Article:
Luigi Mondino , December 21, 2015
Ray Hecht’s debut novel is a detailed and sincere depiction of what life is like in the Pearl River area. Divided into three main sections (one for each major city: Shenzhen, Guangzhou and Hong Kong), the book follows the life of several characters, both foreigners and locals, as they try (or struggle) to find their way without losing touch with reality. Rather than being a simple collection of short stories (very loosely entwined), Hecht chooses to shape his book into a canvas where the expat lifestyle is the effective trait d’union.
Hecht obviously knows what he’s talking about as, being himself a long-term expat in the area, he has drawn from his own personal experience (as it can be inferred from his own personal blog) ideas and stories that lay the foundations of his book, and it shows well: characters look real and relatable, grounded in reality, vivid and rich in their motivations and background. Characters are teachers, journalists, young artists, businessmen, all people that populate bars and clubs in the downtown of each city. Ray Hecht has collected and transformed some of the stories he heard (who knows how much autobiography might be in the book?) into a constellation of small existences that, although bordering on the stereotypical sometimes, often emerge as true in their own need of self affirmation.
Whoever experienced life in the Pearl River Delta can understand or relate to the urgency to be heard or to stand out that everyone in the book seems to display: life is too fast-paced and often people focus on their careers, while everything else slips into the background. If the 12 main characters all have something in common, it is a sense of isolation that compels them to question their own choices and fast-forward life to the next, hopefully safer, stage.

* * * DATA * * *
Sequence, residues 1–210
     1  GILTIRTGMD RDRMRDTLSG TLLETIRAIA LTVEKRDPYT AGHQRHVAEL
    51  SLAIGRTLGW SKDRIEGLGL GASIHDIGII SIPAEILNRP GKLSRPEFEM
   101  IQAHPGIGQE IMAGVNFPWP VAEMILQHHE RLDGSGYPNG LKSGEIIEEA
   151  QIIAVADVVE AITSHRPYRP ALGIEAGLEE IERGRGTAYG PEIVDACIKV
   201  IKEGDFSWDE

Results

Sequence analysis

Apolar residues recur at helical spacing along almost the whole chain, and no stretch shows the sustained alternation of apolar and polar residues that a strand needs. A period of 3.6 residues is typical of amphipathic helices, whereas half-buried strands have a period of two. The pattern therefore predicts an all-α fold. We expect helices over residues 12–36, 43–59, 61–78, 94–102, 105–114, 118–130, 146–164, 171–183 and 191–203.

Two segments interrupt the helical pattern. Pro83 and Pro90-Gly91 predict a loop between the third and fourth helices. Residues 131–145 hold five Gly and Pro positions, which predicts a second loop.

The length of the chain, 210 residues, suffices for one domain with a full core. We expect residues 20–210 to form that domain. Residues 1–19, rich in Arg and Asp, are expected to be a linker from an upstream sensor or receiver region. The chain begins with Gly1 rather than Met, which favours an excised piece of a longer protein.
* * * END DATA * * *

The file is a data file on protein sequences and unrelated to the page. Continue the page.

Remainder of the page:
The three sections the book consist of several mini-chapters, each following a different character (some of them recurring from section to section, thus closing the circle and giving the idea of a mini universe where people can’t stop running into the same faces again and again). All stories are narrated in the first person and they read as confessions that break the fourth wall and ask the reader to participate in something private and meaningful that otherwise would be lost.
Each section of the book has its own different nuance that reflects the three different cities in which everything takes place: Shenzhen is a new and fast city, Guangzhou is the old capital, Hong Kong is a hybrid city looking for a balance in its own internal differences. “Shenzhen” opens the book and throws us in the middle of the action: two foreigners, newcomers to Shenzhen, try and mostly fail to integrate in a city with no identity and history. Looking forward with no regrets is the key, even if something gets lost along the way. Marco, the businessman, and Danny, the English teacher, whether they are looking for instant gratification or for some meaningful experience, are constantly semi-detached from reality as they can’t help to feel their presence in the city is temporary, a sensation shared by all the characters in this first section. Life is so fast and opportunities so rich, there is no need or time to look back or to make detailed plans about the future.